writes “ Your Customers Want You To Be Social”: That’s what the Boston Globe reported in an article yesterday about findings by communications agency Cone in their 2008 Cone Business in Social Media Study. The social web has changed the way we conduct relationships with friends, family, customers and business associates. This in turn has changed the way we relate to brands, products and services. The result is that traditional marketing methods of communicating in a ‘monologue’ is not only a thing of the past but is doomed to failure in a ‘multilogue’ world.
The worst thing for a brand is not that conversations about you are happening somewhere else, it’s that they’re happening and you’re not a part of it. That’s not to say that just because you create an online community with all the bells & whistles, or are part of one, you’re safe. You need to think about your role and voice in the social web. How are you engaging with your customers? What’s your relationship like? How are you nurturing that relationship?
As a consumer, I love what the social web has done for us. It’s put us in a place where we should always have been. #1.
As a brand, you used to be able to control things–the way your customers received and shared information and in effect the choices they were aware of. This is no longer the case. Like any relationship that is treated poorly, it ends. How will you adapt?
What Will It Take to Catch Up?
There is a race for attention and the race isn’t driven by marketers rather consumers. Speaking out on the social media highway at collaboration speeds never before envisioned some brands and related businesses will be shocked when the conversational rivers begin to topple their slow boats that were not prepared for the rising tide. Today many firms are jumping into social media as an extension of their old marketing campaigns only to be rudely disappointed at the results..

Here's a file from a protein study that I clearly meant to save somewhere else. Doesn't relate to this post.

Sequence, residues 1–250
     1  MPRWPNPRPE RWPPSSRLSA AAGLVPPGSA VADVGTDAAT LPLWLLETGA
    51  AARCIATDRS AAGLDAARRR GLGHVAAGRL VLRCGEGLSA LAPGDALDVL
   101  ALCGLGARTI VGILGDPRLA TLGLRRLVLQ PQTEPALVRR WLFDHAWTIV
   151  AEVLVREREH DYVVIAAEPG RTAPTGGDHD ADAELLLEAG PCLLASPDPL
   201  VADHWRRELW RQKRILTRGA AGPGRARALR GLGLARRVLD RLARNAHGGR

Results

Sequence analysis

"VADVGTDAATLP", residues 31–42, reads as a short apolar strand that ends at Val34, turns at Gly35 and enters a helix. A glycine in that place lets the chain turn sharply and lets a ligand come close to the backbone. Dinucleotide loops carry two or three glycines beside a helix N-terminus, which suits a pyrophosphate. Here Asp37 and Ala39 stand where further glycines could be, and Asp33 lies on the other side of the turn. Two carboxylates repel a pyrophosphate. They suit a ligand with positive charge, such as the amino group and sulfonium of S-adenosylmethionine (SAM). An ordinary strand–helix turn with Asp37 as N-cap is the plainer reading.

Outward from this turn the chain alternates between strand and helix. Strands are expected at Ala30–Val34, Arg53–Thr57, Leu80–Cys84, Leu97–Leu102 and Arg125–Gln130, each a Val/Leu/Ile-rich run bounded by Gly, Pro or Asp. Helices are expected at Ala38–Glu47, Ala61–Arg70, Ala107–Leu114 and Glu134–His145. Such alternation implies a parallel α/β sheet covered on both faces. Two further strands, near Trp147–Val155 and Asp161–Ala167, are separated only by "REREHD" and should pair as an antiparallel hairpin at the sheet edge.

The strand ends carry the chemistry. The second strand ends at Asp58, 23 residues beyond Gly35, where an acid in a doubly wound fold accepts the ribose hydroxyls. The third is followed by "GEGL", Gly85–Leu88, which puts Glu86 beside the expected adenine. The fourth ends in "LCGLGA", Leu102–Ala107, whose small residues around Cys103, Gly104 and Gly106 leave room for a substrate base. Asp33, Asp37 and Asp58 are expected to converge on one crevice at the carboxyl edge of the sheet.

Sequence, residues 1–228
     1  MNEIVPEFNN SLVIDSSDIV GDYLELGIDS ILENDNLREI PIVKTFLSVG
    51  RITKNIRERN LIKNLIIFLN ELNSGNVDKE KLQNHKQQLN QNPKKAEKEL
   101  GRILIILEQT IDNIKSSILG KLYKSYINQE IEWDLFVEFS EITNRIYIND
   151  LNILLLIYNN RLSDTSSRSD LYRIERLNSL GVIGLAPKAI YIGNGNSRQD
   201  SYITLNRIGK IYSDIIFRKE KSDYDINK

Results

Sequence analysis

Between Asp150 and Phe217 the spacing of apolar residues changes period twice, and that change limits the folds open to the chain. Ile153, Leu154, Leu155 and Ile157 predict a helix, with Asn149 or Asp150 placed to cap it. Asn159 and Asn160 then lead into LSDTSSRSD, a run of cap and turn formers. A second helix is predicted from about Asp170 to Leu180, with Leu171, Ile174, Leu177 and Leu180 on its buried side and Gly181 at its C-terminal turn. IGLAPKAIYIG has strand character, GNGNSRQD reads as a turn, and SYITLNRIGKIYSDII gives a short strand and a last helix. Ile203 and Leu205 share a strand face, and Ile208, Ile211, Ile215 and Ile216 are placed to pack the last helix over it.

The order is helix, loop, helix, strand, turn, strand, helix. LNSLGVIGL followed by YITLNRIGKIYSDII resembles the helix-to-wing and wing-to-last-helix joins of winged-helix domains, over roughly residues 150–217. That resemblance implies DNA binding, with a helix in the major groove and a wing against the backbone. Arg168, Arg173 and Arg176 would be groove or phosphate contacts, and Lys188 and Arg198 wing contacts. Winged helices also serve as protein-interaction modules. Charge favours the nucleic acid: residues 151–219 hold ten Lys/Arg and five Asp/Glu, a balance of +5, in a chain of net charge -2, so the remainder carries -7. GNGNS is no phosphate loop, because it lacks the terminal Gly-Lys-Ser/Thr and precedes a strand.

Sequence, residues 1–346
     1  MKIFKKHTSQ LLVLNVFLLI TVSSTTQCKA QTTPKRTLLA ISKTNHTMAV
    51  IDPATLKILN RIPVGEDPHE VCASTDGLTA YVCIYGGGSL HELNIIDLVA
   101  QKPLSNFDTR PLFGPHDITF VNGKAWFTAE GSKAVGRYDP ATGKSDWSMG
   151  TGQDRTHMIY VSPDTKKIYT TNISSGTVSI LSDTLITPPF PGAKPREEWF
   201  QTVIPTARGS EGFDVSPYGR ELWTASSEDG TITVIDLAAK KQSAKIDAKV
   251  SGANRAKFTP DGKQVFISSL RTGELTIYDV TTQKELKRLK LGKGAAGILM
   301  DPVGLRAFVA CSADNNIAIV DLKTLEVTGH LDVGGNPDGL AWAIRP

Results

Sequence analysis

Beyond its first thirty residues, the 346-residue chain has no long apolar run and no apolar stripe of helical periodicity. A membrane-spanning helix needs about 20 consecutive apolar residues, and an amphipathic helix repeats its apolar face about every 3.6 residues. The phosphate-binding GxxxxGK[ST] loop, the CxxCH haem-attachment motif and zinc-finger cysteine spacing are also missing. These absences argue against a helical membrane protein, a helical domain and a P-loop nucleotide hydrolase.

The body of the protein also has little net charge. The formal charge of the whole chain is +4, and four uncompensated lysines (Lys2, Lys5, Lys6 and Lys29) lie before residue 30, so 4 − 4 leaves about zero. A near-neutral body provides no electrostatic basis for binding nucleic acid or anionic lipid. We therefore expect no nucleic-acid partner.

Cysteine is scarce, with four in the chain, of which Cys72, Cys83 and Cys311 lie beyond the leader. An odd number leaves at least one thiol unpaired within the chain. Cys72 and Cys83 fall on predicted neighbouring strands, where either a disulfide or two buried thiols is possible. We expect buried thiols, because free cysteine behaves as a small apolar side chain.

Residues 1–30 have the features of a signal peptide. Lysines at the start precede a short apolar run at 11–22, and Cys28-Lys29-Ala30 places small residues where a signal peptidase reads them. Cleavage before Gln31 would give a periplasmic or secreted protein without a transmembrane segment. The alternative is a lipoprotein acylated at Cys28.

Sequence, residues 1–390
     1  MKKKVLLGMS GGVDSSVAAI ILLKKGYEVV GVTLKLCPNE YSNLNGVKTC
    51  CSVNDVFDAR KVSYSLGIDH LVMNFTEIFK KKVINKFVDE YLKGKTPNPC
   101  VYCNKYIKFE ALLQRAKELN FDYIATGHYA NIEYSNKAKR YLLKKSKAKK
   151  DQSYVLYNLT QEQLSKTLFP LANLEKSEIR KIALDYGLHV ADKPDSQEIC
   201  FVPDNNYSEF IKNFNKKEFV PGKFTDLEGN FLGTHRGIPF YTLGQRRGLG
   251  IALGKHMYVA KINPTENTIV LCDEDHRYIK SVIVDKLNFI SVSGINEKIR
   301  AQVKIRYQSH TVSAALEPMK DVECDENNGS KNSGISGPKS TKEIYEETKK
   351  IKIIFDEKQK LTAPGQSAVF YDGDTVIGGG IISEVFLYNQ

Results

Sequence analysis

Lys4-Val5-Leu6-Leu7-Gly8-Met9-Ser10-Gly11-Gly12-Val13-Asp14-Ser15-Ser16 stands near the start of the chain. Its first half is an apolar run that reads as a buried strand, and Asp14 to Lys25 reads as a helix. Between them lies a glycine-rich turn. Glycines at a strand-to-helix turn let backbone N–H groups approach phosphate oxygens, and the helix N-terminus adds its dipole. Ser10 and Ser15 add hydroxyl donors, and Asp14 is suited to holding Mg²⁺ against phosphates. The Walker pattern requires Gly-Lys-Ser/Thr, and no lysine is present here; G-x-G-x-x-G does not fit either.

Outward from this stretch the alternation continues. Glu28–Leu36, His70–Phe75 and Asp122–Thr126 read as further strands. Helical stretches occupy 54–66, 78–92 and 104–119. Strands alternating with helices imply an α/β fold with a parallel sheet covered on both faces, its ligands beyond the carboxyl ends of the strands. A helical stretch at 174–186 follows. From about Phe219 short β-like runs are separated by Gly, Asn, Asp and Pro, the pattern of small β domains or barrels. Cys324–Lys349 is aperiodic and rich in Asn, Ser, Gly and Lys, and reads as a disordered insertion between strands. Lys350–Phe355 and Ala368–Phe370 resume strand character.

Gartner predicts that over half of companies that develop a social media campaign will fail, potentially having a negative effect on their brand.
“(Businesses) will rush to the community and try to connect, but essentially they won’t have a mutual purpose, and they’ll fail,” said Adam Sarner, principal research analyst at Gartner, in an interview with CNET.
Why? Because many businesses will dive in due to the buzz surrounding a recently successful campaign or because it’s trendy to do so with little thought for the ongoing management and goals necessary for such a strategy.
Social media should be approached as an ongoing marketing activity that doesn’t start or stop with a product launch or a new logo. What many marketers find discerning is that success can rarely be measured in terms of revenues and viewing a social media campaign’s success using traditional marketing/ROI metrics would see many deemed failures.
The emphasis in social media campaign success should be put on the value of the relationships formed and the feedback and data gained from consumers. It is a new dynamic driving values backwards to understanding and building meaningful relations. To think of social media as anything else is to approach it as a “trick of the trade” and to ignore the fundamentals of human relations. Using this approach will bring about rude awakenings to businesses unaware and uninformed.
Get it? What say you?